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  • Funding:  The Committee observed that the National Highway Authority of India (NHAI) has a large amount of liabilities (approximately 33% of its budget estimates for 2021-22).  To reduce debt servicing costs of NHAI, the Committee recommended: (i) exploring funding from insurance companies and pensions funds, both Indian and foreign, and (ii) requesting the RBI to make the road infrastructure sector eligible for priority sector lending  Taking note of the stressed assets of banks in the road sector, the Committee also recommended mandating the National Infrastructure Investment Fund and the upcoming Development Finance Institution (announced in 2021-22 Budget session) to facilitate offloading long term infrastructure loans from banks.
  • Awarding contracts:   The Committee noted that the current practice of awarding road projects to the lowest bidder may lead to unrealistic bidding.  To ensure quality of road construction in contracts, it recommended: (i) defining a lower limit below which bids may not be accepted, (ii) maintaining a central database to analyse the quality of work of the contractors, (iii) breaking down big projects into smaller chunks to attract smaller contractors, and (iv) modifying the procedure for awarding tenders after consulting the Central Vigilance Commission.
  • Review of project preparation:  The Committee observed that reviewing the preparation of the Detailed Project Report (DPR) was necessary to ensure quality. To identify and reduce potential delays, the Committee recommended: (i) consulting the area’s Member of Parliament, as well as the local population, (ii) enabling acquisition of additional land along the proposed route, based on long term traffic projections, (iii) prohibiting construction of parallel roads adjacent to the planned toll-road are not built, and (iv) fixing accountability of officials from the stage of drafting the project report till complete project execution.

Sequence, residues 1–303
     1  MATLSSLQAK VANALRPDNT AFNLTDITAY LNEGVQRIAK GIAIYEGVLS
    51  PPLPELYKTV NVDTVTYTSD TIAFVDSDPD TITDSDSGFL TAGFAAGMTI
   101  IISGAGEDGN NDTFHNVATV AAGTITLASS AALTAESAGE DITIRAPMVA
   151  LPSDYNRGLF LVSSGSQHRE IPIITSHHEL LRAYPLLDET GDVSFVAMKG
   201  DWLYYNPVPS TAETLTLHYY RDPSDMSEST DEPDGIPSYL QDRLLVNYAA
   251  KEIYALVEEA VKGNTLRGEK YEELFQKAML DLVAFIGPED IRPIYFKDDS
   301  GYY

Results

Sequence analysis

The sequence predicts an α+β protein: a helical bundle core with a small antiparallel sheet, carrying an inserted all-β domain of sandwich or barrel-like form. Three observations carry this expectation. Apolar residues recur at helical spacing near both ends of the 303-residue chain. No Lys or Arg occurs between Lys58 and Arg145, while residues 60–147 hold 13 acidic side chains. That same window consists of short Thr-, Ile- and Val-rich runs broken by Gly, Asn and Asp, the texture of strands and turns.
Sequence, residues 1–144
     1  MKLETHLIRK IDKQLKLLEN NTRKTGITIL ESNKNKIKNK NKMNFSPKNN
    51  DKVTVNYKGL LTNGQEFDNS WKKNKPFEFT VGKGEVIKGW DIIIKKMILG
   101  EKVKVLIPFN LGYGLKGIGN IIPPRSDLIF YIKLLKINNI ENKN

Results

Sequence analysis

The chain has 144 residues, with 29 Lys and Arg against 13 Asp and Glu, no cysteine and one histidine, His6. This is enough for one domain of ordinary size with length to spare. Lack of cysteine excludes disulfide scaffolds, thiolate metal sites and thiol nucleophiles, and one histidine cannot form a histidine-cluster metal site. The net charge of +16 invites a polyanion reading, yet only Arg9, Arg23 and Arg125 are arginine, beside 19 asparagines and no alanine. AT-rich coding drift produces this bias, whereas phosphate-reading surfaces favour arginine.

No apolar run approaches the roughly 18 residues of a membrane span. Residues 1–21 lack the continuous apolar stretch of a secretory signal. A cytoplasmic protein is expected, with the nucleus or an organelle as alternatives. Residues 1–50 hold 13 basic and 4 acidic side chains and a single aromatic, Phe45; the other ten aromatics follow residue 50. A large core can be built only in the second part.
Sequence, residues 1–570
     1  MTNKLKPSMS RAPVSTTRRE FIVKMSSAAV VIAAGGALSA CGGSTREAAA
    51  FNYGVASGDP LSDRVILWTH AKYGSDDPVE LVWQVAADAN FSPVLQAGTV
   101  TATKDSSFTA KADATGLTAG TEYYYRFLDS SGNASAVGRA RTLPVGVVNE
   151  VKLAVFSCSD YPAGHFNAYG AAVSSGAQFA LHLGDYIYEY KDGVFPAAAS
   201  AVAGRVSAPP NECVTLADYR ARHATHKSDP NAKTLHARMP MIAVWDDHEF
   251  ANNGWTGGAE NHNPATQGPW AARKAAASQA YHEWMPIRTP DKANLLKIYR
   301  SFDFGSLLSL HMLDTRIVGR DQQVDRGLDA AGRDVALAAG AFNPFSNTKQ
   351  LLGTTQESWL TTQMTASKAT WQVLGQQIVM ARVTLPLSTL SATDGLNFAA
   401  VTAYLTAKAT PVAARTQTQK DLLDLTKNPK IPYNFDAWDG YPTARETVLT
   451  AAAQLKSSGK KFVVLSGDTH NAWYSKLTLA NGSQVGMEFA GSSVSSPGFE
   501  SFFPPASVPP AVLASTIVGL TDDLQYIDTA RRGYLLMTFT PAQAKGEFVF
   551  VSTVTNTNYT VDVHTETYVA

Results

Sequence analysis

• Delays in completing projects:  The Committee noted time overruns, and observed that land acquisition was one of the primary reasons for delay.  To address time overruns, the Committee recommended: (i) conducting time bound recruitment for the large number of vacancies in NHAI, especially at the senior level, (ii) making the upfront contributions for land acquisition by the state governments flexible, (iii) enabling state governments to share some of the land capture value with the previous owners, (iv) introducing a system of long term annuity payment to the land owners, (v) enabling de-notification of any acquired land that is not utilised, and providing compensation for the acquired land, and (vi) creating a dedicated dispute resolution body, comprising of retired judges, technical experts and bankers.
  • Maintenance of roads:  The Committee noted the inadequate allocation of funds for maintenance of National Highways.  It recommended: (i) using network survey vehicles and drones to regularly assess the quality of the highway network, (ii) allowing for dedicated underground utility corridors in upcoming projects to prevent patchwork, (iii) implementing the user feedback on the Sukhad Yatra mobile application to allow for better reporting of issues, and (iv) allocating funds for research in maintenance of roads in flood-prone regions.
  • Road safety:   The Committee noted that long term rectification measures have been carried out on less than 50% identified black spots. To improve road safety, the Committee recommended: (i) testing for defects in quality of construction material, especially through third party audits, (ii) mandating submission of video recordings to certify road markings, and signage (ii) fixing time frames for NHAI and state government officials to rectify black spots, (iii) making arrangements for an adequate number of ambulances, patrol vehicles, and tow-away cranes to respond to accidents, (iv) establishing a mobile phone based Emergency Response System, and (v) mandating regular training by the Indian Academy of Highway Engineers for all highway professionals.
  • Assessment and Ranking:  The Committee noted the weightage given to highway safety (35%) in their framework for assessing highways.  It recommended assigning scores to all projects, including the ones executed by the state government.